Baltic Sea Explorer Update
Update on the Mystery in the Baltic Sea, Dennis Asberg (Project Coordinator) gives an update and tells how you can follow the progress of the Explorer Team! For a link to follow, Dennis and Peter Lindberg Click Here.
Mystery in the Baltic Sea between Finland and Sweden
DRAGGED FORWARD? Next to the circle is a 300 meter long slide track - as if the circle has traveled across the seabed before it has settled.
Photo: PETER LINDBERG
translated from Swedish to English
An algal bloom? A mine? A UFO?
No one knows.
But it is clear that Swedish treasure hunters found a giant circle on the Baltic seabed.
The bay was a mirror in the morning on June 19. Six of the nine crew members aboard the fishing vessel "Lake" were still asleep in their bunks. Barely awake the remaining three sat, staring at the screen that shows what is hidden on the seabed.
The group called Ocean Explorers and call themselves treasure hunters. Their mission is to comb the Baltic Sea wrecks containing alcohol which can then be sold at auction. In 1997, leader Peter Lindberg found the wreck Jonkoping in the Åland archipelago. On board were champagne that has subsequently been sold for millions of dollars.
But this morning they found something quite different.
"Something solid down there"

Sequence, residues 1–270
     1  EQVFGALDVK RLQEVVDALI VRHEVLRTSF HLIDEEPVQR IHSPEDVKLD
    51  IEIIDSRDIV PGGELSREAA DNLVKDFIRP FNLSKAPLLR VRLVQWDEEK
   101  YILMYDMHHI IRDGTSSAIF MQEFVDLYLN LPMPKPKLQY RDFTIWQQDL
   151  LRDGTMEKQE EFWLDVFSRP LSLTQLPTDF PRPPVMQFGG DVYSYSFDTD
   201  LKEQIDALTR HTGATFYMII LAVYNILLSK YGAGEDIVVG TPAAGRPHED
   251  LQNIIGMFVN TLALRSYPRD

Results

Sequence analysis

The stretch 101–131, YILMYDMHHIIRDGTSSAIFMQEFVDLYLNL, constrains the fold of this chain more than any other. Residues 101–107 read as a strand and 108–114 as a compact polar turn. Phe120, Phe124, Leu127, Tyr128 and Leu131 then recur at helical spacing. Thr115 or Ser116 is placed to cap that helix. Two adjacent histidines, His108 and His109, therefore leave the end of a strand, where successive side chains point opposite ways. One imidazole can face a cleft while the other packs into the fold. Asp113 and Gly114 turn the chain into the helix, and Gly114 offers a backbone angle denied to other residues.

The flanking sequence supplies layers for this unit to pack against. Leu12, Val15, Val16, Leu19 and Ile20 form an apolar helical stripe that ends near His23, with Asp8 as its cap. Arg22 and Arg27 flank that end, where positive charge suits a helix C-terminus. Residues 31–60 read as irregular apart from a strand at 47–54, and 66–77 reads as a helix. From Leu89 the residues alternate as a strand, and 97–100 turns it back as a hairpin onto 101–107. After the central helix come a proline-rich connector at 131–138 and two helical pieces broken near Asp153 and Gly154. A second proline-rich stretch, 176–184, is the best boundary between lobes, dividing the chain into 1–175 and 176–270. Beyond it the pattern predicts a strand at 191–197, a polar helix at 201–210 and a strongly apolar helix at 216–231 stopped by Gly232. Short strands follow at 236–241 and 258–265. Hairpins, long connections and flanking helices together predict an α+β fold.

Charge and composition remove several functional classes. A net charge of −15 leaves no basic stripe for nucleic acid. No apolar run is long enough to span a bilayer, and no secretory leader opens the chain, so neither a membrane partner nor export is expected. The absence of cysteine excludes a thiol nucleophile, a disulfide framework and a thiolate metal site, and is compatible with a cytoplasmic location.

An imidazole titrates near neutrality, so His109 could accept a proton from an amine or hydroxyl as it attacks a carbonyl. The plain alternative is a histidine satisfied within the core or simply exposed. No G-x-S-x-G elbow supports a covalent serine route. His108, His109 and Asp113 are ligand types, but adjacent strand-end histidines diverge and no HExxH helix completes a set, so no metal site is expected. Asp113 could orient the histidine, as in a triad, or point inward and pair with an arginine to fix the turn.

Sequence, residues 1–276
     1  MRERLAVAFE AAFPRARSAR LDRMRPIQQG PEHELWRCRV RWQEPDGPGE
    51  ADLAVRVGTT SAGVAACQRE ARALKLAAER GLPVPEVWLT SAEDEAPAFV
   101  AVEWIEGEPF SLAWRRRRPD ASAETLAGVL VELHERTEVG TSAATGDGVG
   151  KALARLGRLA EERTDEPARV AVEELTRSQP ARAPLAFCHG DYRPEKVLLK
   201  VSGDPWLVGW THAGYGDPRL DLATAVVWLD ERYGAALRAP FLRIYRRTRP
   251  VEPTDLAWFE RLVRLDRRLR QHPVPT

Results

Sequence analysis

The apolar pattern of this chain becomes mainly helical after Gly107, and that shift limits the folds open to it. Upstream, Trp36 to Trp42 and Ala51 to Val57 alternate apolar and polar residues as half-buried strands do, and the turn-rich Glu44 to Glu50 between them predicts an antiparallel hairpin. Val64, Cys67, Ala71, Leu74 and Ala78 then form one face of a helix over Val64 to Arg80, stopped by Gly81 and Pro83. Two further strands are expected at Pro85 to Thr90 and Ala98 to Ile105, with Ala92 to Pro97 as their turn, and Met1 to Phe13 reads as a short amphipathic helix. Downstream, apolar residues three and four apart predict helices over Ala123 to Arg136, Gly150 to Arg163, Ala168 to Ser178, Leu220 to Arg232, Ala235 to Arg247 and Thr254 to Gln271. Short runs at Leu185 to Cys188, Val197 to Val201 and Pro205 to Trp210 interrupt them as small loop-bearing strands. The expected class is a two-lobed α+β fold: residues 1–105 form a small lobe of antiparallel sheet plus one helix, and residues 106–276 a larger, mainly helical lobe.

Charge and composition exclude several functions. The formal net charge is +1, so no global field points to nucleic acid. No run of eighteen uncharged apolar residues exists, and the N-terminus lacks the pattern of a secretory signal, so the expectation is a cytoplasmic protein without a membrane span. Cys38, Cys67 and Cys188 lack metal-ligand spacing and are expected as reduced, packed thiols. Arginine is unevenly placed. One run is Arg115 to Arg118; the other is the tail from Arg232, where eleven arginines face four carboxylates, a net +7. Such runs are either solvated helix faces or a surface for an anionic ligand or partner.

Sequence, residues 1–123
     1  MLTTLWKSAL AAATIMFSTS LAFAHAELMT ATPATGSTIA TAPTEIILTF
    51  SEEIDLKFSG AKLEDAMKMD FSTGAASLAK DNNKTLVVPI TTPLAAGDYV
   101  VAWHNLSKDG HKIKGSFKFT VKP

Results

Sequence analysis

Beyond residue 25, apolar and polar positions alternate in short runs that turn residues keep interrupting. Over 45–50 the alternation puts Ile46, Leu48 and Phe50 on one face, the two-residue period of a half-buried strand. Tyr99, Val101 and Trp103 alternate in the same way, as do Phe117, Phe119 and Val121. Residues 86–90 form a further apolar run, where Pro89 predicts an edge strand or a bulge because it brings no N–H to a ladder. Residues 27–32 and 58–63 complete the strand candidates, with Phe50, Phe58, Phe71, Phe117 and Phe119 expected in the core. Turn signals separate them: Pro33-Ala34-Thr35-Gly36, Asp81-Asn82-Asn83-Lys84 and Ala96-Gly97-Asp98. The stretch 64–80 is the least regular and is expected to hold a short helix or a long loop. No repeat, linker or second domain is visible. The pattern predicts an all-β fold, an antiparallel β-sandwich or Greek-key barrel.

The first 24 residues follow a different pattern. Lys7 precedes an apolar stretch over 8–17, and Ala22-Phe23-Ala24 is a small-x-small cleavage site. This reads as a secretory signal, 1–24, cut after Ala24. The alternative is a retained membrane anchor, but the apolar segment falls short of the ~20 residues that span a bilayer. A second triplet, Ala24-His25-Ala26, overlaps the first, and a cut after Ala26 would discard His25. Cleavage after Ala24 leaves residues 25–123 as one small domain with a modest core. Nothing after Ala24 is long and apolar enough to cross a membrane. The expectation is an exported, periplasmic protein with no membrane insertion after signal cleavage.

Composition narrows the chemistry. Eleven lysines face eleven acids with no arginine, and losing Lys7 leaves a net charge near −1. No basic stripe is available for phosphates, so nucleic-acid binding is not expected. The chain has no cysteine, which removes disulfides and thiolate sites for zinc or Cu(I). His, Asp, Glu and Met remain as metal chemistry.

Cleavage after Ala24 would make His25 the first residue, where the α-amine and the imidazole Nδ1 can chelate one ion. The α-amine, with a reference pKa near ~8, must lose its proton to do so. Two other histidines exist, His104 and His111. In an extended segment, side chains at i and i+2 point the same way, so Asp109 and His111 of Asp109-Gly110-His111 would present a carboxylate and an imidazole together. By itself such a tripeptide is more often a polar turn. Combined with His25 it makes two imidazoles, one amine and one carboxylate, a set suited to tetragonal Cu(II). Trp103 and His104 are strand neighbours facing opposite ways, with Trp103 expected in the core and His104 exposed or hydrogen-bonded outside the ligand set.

At 87 meters down, between Sweden and Finland, they saw a large circle, about 60 feet in diameter.
You see a lot of weird stuff in this profession, but during my 17-18 years as a professional treasure hunter I have never seen anything like this. The shape is completely round, makes this unique, said Peter Lindberg.
Next to the circle is a 300 meter long slide track - as if the circle has traveled across the seabed before it has settled.
Germans have been there, the Russians have been there, have they dumped a huge, yes, it is conceivable, said Dennis Åsberg one involved in the expedition.
What would it have been?
I have no idea. All I know is that I've never seen anything down there that is solid - stone, concrete or steel - and that is completely round.
Too early to determine
They rule out theories that there is a depth bomb or mine from the First World War - or a symmetrical blooms.
It is something we have never seen before, this is not soft, says Peter Lindberg.
Andreas Olsson, marine archaeologist at the National Maritime Museums, has seen pictures of the circle and say it is too early to determine what it is:
The most likely scenario is still that there is a natural ground formation.
TREASURE HUNTING group Ocean Explorers call themselves treasure hunters,
Facebook page for Explore updates http://www.facebook.com/groups/178384865554985/